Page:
Microsoft has announced it will offer a preview version of its first major update to Windows 8 next month.
The news comes amid growing criticism of the software's user interface.
Microsoft said the revision to the operating system (OS), codenamed Windows Blue, would be released at Build, a three-day developers event in San Francisco starting on 26 June.
However, while the company said it had listened to "feedback", it has still not disclosed what changes are planned.
Microsoft added that a final version of Windows Blue would be released before the end of the year, and highlighted that it had already sold more than 100 million licences for the system.
They also suggested it would give users the option of booting their PCs directly into Windows 8's desktop mode rather than having to visit the tile-based Start menu screen first.
On Tuesday the Financial Times ran a front-page story suggesting that a U-turn over key elements of Windows 8 would mark "one of the most prominent admissions of failure for a new mass-market consumer product since Coca-Cola's New Coke fiasco nearly 30 years ago".
This was a reference to the beverage makers' decision to launch and then abandon a new version of its fizzy drink.
The FT's article followed a news briefing given by Microsoft to mark the first six months of Windows 8.
The tech company has issued a statement taking issue with the report.
"It is unfortunate that the Financial Times did not accurately represent the content or the context of our conversation about the good response to date on Windows 8 and the positive opportunities ahead on both Windows 8 and Windows Blue," it said.
"Our perspective is accurately reflected in many other interviews on this topic as well as in a Q&A with [chief financial officer] Tami Reller posted on the Windows blog."
The FT told the BBC it stood by its story.
More than 1.5 billion devices used Windows 7 and earlier versions of the system at the time of Windows 8's launch, making the OS both the most popular of its kind and one of the company's key sources of revenue.
However, Microsoft was aware that sales of tablets and other touch-controlled devices had been growing at a much faster rate than PCs.
This helped prompt it to introduce a new start screen, initially dubbed "Metro", containing resizable tiles that could be tapped and swiped to launch and navigate apps.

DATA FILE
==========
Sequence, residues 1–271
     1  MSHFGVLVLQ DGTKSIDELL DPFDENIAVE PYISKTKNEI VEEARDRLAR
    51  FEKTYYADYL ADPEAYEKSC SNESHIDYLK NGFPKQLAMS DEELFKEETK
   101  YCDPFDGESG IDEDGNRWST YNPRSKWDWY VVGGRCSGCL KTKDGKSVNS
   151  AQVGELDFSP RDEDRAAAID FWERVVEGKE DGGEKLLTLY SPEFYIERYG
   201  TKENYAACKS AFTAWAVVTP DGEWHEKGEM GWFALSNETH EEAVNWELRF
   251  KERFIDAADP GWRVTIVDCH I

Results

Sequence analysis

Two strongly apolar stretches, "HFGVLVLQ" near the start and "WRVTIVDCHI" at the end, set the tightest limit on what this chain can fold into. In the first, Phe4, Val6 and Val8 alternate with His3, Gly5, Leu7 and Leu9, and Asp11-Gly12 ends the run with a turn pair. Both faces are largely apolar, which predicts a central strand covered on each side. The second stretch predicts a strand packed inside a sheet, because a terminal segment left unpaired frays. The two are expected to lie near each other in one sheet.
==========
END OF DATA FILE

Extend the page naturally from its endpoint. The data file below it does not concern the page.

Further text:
Users can still switch to a more traditional desktop mode by clicking on an icon, but the environment lacks the start menu button offered since Windows 95.
This caused some people to become confused about how to shut down their PC and carry out other tasks. Several third-party developers subsequently released their own software allowing users to restore the facility.
"Many people have recoiled in horror at Windows 8 because it is such a stark change over what they had become used to over the past 15 or so years," Chris Green, principal technology analyst at consultants Davies Murphy Group Europe, told the BBC.
"Unless you are using it on a brand-new computer or laptop with a touchscreen display it's not as intuitive to use as Microsoft makes out - and these are still premium-priced products."
Since businesses traditionally wait until at least a major service pack has come out before updating their computers to a new OS, the major impact of the changes has mostly been limited to consumers.
But Mr Green added that it would be a worry for Microsoft if companies now opted to skip Windows 8 in the same way many had previously decided not to install Windows Vista.
"Microsoft wouldn't necessarily miss out on revenue from their largest blue-chip customers because they pay an annual subscription fee for access to its tech whether they use it or not," he said.
"But it's the mid-sized companies - who buy computers and software as they need it - which is where the big money and margins are."
Microsoft has acknowledged that "there is a learning curve [to Windows 8] and we can work to address that," but it also points out it has sold a similar number of licences for the OS as were achieved over the first six months of Windows 7's life.
"It's too early to say that it's flopped," said Benedict Evans, a digital media specialist at research firm Enders Analysis.
"However, there's clearly a lot of pushback from consumers and corporates about the radical change the firm wants to make in the user interface.
"The broader issue is that Microsoft is building an operating system designed with a touchscreen in mind. That's essential for its future because computing is shifting to tablets and mobile, where Microsoft has been irrelevant."
"What in effect they've done is compromise the desktop experience to create a great tablet and mobile experience. The problem is that it's the desktop buyers that pay for everything right now."